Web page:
The Isle of Skye is the focus of many a trip to Scotland but with literally hundreds of islands there is so much more to explore. See our top picks for any tour of the Scottish Islands.
I mean, yes, the Isle of Skye is beautiful. Yes, it’s full of wildlife, dramatic coastline and intriguing history. But, it is only one out of hundreds of incredible Scottish Islands – 790 to be exact – each one more spectacularly beautiful than the last.
So here are 8 alternative Scottish Islands to visit if you want to escape the crowds this summer and experience the wild and unspoilt beauty of the Scottish Isles.
8 Alternative Scottish Islands
The ‘Queen of the Hebrides’ is probably best known for its whisky production. Despite its size, at just 600 square kilometers, this tiny island is home to eight working distilleries – it’s certainly the Whisky Capital of the Hebrides.
Visit if: You never say ‘no’ to a dram or two.
Don’t miss: Bowmore, the oldest distillery on Islay, founded over two centuries ago in 1779.
This island is famed for being where George Orwell retreated to write 1984 and literary buffs can still make a pilgrimage to the remote croft house where he lived. Orwell wanted to get away from it all and you can see why he chose wild, untamed Jura where wild deer outnumber people more than 10 to one.
Visit if: You’re a novelist having an existential crisis.
Don’t miss: The Corryvrecken Whirpool, one of the largest permanent whirlpools on earth and one of the most dangerous stretches of water around the British Isles.
You might be surprised to learn that most visitors travel to this Outer Hebridian Island for its beaches. The dazzling white sands and turquoise waters surrounding the largest island in the Outer Hebrides are reminiscent of the Caribbean. With dozens of beaches to pick from, you’ll be spoilt for choice.
Visit if: You’re a bit of a beach bum.
Don’t miss: The volcanic islands of St Kilda, the most remote Islands in the British Isles.
Actually Orkney consists of around 70 Islands but I’ll ignore that. I’m going to leave it to the poet and storyteller George Mackay Brown, who lived on Orkney at Stromness, to sell you his island home. He wrote ‘The essence of Orkney’s magic is silence, loneliness, and the deep marvelous rhythms of sea and land, darkness and light.’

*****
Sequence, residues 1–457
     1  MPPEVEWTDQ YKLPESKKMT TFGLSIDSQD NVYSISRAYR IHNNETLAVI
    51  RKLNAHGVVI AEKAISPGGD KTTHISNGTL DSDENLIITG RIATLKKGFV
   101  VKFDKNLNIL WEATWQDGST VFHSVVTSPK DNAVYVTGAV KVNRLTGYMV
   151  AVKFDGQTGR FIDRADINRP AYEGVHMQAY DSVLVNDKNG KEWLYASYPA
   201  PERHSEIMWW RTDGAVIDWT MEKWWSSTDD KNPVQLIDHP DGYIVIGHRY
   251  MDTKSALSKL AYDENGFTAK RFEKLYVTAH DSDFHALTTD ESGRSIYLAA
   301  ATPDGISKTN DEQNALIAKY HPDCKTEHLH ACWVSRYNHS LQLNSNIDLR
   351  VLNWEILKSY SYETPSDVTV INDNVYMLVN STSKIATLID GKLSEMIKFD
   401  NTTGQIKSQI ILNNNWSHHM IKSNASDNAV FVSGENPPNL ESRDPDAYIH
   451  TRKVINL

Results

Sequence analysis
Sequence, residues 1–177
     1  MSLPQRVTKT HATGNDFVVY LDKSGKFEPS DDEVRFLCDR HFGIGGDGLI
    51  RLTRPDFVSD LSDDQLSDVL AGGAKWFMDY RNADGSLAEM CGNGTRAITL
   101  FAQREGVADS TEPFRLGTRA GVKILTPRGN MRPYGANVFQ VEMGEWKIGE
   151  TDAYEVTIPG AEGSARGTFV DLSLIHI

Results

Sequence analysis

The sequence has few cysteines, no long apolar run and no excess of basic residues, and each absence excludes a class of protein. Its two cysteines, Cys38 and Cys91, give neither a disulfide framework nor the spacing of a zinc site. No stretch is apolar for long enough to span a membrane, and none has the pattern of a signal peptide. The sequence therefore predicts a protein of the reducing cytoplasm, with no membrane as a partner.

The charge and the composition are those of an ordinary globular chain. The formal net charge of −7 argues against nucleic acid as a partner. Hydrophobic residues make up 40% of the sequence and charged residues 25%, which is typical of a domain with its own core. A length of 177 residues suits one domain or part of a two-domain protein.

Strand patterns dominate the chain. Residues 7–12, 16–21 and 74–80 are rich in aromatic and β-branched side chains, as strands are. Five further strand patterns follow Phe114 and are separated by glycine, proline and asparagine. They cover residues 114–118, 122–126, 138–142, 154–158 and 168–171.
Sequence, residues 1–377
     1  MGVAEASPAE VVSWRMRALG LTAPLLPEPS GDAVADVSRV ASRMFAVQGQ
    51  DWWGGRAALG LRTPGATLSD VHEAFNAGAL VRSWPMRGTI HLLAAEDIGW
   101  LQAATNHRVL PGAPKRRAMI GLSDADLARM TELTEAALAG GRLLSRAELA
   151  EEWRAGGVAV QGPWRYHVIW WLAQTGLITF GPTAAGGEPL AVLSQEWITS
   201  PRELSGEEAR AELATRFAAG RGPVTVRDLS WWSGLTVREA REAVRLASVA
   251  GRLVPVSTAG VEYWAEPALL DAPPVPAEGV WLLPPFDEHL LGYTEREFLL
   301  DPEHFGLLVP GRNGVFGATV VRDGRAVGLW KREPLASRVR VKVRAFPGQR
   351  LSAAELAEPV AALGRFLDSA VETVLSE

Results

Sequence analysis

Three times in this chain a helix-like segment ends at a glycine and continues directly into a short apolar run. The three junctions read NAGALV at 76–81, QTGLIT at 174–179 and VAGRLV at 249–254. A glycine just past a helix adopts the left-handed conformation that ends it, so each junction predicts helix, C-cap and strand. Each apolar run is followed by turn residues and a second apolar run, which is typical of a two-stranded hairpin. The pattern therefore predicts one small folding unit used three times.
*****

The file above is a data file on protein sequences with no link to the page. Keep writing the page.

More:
Visit if: There is a hint of whimsy in your soul.
Don’t miss: The Neolithic settlement of Skara Brae which is thought to be older than Stonehenge and the pyramids.
Iona is a mystical Island accessible only by foot-passenger ferry from Mull. The Island is infused with religious devotion and is known as ‘the cradle of Christianity’ in Scotland. Iona Abbey was founded by St Columba in 563 and continues to be an important site of worship and pilgrimage.
Visit if: You are in search of peace and restoration.
Don’t miss: The Fairy Hill or Hill of Angels which has been the site of pagan and Christian rituals for centuries and has been strongly associated with the world of the supernatural.
One of the most accessible islands, you can drive to Arran from Glasgow in a couple of hours. Despite being so close to the hustle and bustle of the mainland you will still be able to experience the relaxed, whimsical atmosphere of island life as well as the dramatic scenery and eclectic wildlife of the Inner Hebrides.
Visit if: You’re looking for a taste of the Islands of Scotland.
Don’t miss: The spectacular Glenahdale Falls, accessed by walking through an Iron Age fort and Neolithic burial mounds known as The Giant's Graves.
Beautiful Barra is the most southerly of the inhabited islands in the Outer Hebrides. it was the strong hold of the Clan MacNeil and you can visit their ancient seat, the ‘Castle in the Sea’, sitting on a rock islet in Castle Bay.
Visit if: Your name is MacNeil
Don’t miss: The island’s unique airstrip on Traigh Mor Beach.
The third largest of the Scottish Isles and one of the most accessible as it is served by three ferries. This island boasts a huge variety of flora and fauna including Golden and White-tailed Eagles, Otters, Whales, Dolphins and Basking Sharks.
Visit if: You are a birder or a twitcher.
Don’t miss: The brightly painted waterfront houses of Tobermory.
If you’re tempted by any of these alternative Islands why not visit them with adeo Travel. You can visit by car on our Scottish Islands Self-Drive tour or a small group tour such as Orkney and the Far North or Iona, Mull and the Isle of Skye.